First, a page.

Like the gasoline that powers a car, cash is the lifeblood of any small business.
You need to keep track of cash throughout just as you would monitor the fuel gauge while driving. Because if you’re not careful, your business will quickly end up like a car running on fumes: stalled.
Cash management may seem daunting, but if you build a plan while your business is small, your cash supply will grow along with your company. Below are 4 ways to help you get started.
Before you can improve your cash flow, you need to be able to know where you stand at any given time.
Be diligent about keeping track of all cash in and cash out — weekly and monthly – in order to stay on top of it. Your cash flow status should never come as a surprise to you.
Once you have a good grasp of how cash moves in and out of your business, you can begin to be strategic about how to make your money work for you.
You can’t pay your bills if your customers aren’t paying you. Make your payment policies clear and put everything in writing. This could include penalties for late payments or discounts for customers who pay early. With everything on paper, there’s a smaller chance that surprises will arise.
Always invoice your customers as soon as possible and send reminders that payment is due. Don’t wait days or weeks. By waiting to invoice your customers, you give them less time to pay and increase the likelihood that the payment will be late.
Making it as easy as possible for your clients to pay you will help ensure you receive your money on time. Think about having an online portal/grocery cart and accepting as many forms of payment as possible. Consider drafting your client’s accounts, accepting gift, prepaid, debit and credit cards. Utilize mobile payment options (your smartphone or tablet can be used for credit card payments) like PayFox.
Reducing expenses is a great way to improve your cash flow. Before hiring new employees, consider whether or not a freelancer can do the work, especially if you’re just starting out. This will eliminate significant and consistent costs including salary and benefits.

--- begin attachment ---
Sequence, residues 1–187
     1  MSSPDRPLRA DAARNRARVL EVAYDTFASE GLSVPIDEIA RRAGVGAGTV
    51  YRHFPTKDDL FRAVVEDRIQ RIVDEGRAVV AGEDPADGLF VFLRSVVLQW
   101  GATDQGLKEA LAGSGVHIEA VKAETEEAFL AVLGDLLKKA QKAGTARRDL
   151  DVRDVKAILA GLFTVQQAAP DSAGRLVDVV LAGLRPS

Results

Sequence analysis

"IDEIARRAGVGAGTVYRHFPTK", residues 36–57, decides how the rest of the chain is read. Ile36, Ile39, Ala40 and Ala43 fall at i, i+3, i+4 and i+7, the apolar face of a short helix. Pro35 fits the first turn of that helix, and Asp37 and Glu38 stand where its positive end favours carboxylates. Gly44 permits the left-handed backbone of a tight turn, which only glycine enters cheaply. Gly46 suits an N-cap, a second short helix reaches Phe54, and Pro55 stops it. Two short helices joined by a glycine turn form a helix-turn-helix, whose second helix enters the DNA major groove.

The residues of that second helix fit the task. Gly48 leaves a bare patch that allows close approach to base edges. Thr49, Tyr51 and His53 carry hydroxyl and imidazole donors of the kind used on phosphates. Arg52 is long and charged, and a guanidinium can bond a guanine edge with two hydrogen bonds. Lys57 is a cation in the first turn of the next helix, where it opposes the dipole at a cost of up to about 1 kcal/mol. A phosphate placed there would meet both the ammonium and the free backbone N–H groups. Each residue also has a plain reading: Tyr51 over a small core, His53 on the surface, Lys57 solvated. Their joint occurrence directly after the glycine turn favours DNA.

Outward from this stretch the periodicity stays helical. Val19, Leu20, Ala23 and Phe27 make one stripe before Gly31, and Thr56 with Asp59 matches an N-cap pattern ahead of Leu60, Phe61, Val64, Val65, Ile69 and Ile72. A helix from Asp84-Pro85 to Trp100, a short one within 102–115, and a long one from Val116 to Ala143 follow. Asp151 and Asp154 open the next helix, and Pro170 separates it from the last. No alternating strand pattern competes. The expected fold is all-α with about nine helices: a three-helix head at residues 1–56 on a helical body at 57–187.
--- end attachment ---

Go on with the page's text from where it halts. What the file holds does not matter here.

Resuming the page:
Go green by reducing the use of paper around the office; it’s another quick way businesses today are reducing costs. And not having to maintain an expensive printer or buy paper and ink will really add up.
Be strategic about the suppliers you use. While using only a few suppliers may allow you to get discounts, using multiple suppliers will often give you more flexible payment options since due dates will be spread throughout the month.
Often times, suppliers will offer discounts for paying in cash. Take advantage of this opportunity. Also, be sure to take the allotted time you’re given to pay suppliers. Most of the time you will have 60 to 90 days to pay an invoice. This serves as an interest-free credit line.
Don’t pay late, but unless they’re willing to give you a significant discount, try not to pay early either.
Every small business will face the occasional bump in the road. It’s usually not a question of “if” so much as “when.”
Be prepared for these bumps by creating an emergency fund. Depending on your business, you will want to put aside enough to cover between 3 months to a year of business expenses.
To do this, first determine how much you want to deposit each month. Then, set up an interest-bearing business checking account for these funds.
Resist the urge to put these funds into the stock market. While a checking account may earn less interest, it will guarantee that the money is always available to you, should you need it.
Another option is for you to set up a business credit card that will give you the flexibility to offset some costs and pay your bills on a set schedule.
With these tips in mind, you can feel comfortable hitting the accelerator on your small business. Just make sure to keep your eye on the gauge.
If you’d like to learn more about cash management for your business, feel free to visit with a cash management specialist at a First Bank branch near you.